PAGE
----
Hanford Challenge cautions workers about participating in vapor study

By Annette Cary, Tri-City HeraldApril 29, 2014 

Work underway at the Hanford tank farms.


Hanford Challenge is cautioning workers about cooperating with an investigation of Hanford's chemical tank vapors to be done by the Savannah River National Laboratory.

The Department of Energy has a history of retaliation against workers who raise concerns or become ill, Hanford Challenge said Tuesday.

"DOE has not acted to protect, or even protest, the retaliation against workers who have spoken out about safety," said Tom Carpenter, Hanford Challenge executive director.

Kevin Smith, manager of the DOE Hanford Office of River Protection, said he was disappointed that a worker advocate would discourage workers from cooperating in an investigation intended to protect their health and safety.

The study will put the full resources of the national laboratory system behind the investigation to not just study the chemical vapor issue, "but put it to bed once and for all," he said. "We are going to solve this issue."

Hanford contractor Washington River Protection Solutions recently asked the national laboratory in South Carolina to do the third independent study of tank vapors in recent years.

When the study was announced last week, 26 workers had received medical attention this spring after possible exposure to chemical vapors from waste held in Hanford's underground tanks. That increased to 28 workers Monday as work began to empty another underground tank in the C Tank Farm. Work that disturbs the waste can cause vapors to be released.

However, the problem of worker exposure to vapors extends back at least two decades, with some workers experiencing serious and chronic illnesses attributed to the chemical exposure. Some workers exposed to vapors in earlier incidents this year in September and December have not returned to work, Carpenter said.

Continuing symptoms of some of those exposed late in 2013 and this spring include persistent coughing, headaches, shortness of breath and disorientation, he said. Of particular concern is the worry that workers will develop cancer in the future because of the chemical exposure, he said.

The previous two independent studies of tank vapors were finished in 2008 and 2010 and were done with Hanford tank farm contractors and Hanford Challenge working together through the independent Hanford Concerns Council. That produced independent and credible industrial hygiene reviews and responses, according to Hanford Challenge, a Seattle-based Hanford watchdog and worker advocacy group.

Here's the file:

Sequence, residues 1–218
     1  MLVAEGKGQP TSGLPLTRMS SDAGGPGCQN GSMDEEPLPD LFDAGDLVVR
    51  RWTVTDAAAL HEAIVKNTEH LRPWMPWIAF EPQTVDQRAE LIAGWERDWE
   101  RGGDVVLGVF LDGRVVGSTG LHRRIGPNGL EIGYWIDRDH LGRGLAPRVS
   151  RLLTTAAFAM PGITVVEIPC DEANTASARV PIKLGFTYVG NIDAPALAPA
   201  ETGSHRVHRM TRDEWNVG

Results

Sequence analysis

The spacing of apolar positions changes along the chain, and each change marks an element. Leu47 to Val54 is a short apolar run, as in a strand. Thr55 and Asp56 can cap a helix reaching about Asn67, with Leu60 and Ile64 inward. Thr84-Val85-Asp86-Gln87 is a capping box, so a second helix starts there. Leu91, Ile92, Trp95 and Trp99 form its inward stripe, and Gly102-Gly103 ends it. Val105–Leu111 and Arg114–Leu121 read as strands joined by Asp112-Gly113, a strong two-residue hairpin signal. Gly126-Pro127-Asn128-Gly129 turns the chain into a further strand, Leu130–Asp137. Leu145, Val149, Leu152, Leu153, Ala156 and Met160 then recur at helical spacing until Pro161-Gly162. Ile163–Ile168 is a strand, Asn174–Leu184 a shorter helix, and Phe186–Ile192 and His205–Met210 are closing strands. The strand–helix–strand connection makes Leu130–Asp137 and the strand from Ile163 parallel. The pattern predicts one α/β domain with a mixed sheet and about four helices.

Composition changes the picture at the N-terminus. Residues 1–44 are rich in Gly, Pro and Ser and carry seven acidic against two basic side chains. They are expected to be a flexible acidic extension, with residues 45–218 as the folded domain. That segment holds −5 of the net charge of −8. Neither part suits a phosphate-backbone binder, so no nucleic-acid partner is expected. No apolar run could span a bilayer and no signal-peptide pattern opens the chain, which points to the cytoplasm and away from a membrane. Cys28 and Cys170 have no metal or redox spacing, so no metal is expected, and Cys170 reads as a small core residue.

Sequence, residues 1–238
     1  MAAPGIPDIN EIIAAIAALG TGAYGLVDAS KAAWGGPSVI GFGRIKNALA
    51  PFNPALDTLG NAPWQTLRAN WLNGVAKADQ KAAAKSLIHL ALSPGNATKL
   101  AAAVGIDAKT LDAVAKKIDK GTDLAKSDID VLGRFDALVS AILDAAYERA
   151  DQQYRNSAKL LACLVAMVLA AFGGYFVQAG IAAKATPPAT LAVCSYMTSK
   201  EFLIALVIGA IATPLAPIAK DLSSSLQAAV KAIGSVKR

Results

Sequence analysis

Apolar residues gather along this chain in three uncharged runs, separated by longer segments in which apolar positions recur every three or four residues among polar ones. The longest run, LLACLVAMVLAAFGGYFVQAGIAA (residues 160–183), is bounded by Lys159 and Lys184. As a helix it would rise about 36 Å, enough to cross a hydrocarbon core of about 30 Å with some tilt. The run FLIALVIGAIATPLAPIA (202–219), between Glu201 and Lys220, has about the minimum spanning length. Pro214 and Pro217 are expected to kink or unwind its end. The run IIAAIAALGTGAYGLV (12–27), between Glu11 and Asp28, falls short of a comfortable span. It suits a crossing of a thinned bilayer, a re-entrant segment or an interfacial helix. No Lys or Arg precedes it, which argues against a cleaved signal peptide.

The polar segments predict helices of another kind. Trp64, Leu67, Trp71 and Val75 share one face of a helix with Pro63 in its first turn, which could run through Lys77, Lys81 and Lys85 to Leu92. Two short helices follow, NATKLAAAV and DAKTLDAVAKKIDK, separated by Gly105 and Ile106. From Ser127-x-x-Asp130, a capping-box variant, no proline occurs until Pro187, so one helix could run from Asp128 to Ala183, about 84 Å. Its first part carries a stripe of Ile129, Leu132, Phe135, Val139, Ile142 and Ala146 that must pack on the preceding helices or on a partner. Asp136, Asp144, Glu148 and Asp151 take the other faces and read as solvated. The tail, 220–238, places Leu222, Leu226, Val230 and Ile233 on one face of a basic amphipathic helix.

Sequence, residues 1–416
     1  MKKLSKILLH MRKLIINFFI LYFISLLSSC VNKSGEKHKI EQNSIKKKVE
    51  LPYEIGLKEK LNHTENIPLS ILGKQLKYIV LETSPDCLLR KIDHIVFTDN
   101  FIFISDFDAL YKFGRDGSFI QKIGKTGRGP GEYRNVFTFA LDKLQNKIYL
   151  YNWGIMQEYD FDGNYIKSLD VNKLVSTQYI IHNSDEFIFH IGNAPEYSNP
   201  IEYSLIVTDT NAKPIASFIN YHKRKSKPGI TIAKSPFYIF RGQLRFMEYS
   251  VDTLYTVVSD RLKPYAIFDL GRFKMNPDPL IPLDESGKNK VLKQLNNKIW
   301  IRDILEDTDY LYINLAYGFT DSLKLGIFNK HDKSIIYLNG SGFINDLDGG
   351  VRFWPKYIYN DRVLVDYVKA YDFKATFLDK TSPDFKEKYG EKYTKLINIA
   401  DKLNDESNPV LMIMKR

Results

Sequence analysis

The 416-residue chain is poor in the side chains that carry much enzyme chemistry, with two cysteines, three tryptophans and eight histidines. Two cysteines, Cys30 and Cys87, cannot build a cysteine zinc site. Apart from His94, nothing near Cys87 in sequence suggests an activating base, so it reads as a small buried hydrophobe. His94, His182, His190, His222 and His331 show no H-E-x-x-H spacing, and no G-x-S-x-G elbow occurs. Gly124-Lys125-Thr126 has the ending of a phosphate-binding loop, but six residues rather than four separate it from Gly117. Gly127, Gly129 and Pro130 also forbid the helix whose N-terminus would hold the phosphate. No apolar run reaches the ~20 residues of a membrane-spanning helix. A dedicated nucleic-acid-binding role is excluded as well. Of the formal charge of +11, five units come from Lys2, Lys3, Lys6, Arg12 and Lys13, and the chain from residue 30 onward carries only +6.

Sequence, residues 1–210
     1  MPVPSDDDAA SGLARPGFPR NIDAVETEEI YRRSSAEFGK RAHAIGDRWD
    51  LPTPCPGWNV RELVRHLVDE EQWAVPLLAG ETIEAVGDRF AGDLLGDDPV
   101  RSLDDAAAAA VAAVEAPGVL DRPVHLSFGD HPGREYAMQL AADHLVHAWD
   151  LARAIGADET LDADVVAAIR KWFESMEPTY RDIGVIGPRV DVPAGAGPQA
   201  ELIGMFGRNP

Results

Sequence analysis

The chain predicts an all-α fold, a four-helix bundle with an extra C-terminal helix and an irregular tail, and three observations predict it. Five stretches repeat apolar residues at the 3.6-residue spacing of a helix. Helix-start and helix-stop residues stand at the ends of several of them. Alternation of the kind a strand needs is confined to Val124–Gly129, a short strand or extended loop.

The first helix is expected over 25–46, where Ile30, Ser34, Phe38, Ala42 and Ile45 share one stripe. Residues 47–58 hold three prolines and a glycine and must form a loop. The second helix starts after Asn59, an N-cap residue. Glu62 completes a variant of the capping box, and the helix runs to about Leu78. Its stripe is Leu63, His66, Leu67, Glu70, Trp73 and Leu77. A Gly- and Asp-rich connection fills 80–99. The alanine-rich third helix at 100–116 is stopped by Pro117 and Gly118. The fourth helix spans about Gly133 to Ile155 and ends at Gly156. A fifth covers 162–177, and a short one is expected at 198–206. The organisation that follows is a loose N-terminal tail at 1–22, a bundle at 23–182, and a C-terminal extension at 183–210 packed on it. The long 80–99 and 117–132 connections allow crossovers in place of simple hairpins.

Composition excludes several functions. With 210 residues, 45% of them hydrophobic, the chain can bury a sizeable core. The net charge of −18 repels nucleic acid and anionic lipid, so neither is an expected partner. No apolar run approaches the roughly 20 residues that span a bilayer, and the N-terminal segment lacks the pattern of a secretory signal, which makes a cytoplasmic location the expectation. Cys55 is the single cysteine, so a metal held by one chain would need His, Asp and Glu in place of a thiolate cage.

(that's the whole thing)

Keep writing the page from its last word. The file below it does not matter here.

The Hanford Concerns Council managed the studies and set protocols and processes that inspired worker confidence, Carpenter said. Workers could request an off-site interview to make sure managers did not know they were talking to investigators, he said.

Worker privacy will be protected in the new study, Smith said. They may participate anonymously if they choose, he said.

Hanford Challenge also criticized the independence of the study, given that Hanford and the Savannah River lab are under Department of Energy control. Carpenter also pointed out that Dave Olson, president of Washington River Protection Solutions, was assigned to Hanford last year after serving as president of Savannah River Remediation and had held management positions there since 1981.

The laboratory and cleanup work at Savannah River are under separate contractors.

"Hanford workers and federal taxpayers deserve a timely, credible review. And this isn't it," Carpenter said.

Some changes have been made in recent years to improve safety at the tank farms, he said.

Some stacks that emit vapors from the tanks are taller and industrial hygiene instrumentation has been increased. But at the same time, management turnover in recent years has caused some of the recent history to be forgotten, Carpenter said.

"There really needs to be some serious effort to improve the safety culture," he said.

Because so many chemicals are potentially in vapors and in such small amounts, preventing exposure is the only way to protect workers, Carpenter said. He favors stacks that would vent waste far into the desert and away from workers, having workers use supplied air when work is being done that increases the risk of vapors and using charcoal scrubbers to capture chemicals.

All options will be on the table as DOE looks for ways to better protect workers, Smith said. It might not be possible to fully eliminate vapors, but his goal is drive vapor exposure to as close to extinction as possible, he said.

"We really want to be a healthy environment for all workers," he said.

-- Annette Cary: 582-1533; acary@tricityherald.com; Twitter: @HanfordNews

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